Saturday, April 21, 2007

Interesting DWI case

I had a case some time ago where my client had been arrested for DWI. I reviewed a document I refer to as "The Green Sheet." This, technically, is what's known as a DWI Bill of Particulars and Supporting Deposition. Partial images of each from this case are below. I've intentionally omitted my client's name and the name of the Trooper (I have met the Trooper many times and like him, but even if I didn't like him it would be wise to leave his name out of it).

Note: If you click on the images you will see a larger version than what you will see on this blog. You may want to download the images to your computer and then zoom in with whatever image software you like to use.

First, from the top of the green sheet, is a part describing what my client allegedly did. Most notably, it asserts that my client had a BAC of 0.13. The per se limit for DWI is 0.08, so this would be well into the illegal range.

Next is a larger portion of the document. What's most interesting here is Section 6. There are a lot of blanks. At the bottom, time of test is blank. Location of test indicates State Police Albany. Witness to test is also blank. On the upper right the BAC is blank. It does indicate the unit they used to do the test, but it appears that either no test was done, or something was wrong with the machine. I should note that there is no indication my client refused the test.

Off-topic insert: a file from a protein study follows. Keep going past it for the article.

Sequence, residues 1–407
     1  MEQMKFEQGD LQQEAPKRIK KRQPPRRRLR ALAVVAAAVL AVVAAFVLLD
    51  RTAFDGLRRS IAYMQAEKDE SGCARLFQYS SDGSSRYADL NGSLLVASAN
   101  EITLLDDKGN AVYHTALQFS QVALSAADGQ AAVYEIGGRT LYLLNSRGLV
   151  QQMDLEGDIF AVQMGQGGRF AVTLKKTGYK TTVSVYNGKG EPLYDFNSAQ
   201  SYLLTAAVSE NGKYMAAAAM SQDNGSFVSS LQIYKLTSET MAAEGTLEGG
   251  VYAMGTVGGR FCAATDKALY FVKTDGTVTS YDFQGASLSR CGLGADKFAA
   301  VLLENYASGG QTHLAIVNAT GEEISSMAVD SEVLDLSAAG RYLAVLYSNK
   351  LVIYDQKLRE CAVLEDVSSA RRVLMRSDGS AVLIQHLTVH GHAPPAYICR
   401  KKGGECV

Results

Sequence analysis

I am guessing, and it's only a guess, that the 0.13 BAC reported in the first image comes from the breath screening test done at the arrest scene (at the bottom of Section 4). Those tests are considered unreliable by the courts and are not admissible in a trial.

So this is an example of a great DWI case to fight. Among other things, since there's no valid breath test, the client does not get suspended while the case is pending. Even a difficult DA's office is probably going to agree to take a case like this out of alcohol and reduce it to something like a speeding ticket.

This brings us to one of the frustrations of being a defense lawyer. The client just wanted the reduction to DWAI.
We had a great case to fight, one of the best I've seen to date. I normally do not try to talk my clients into what to do, but in this case I did push for the fight. I think the client just wanted it to be over.
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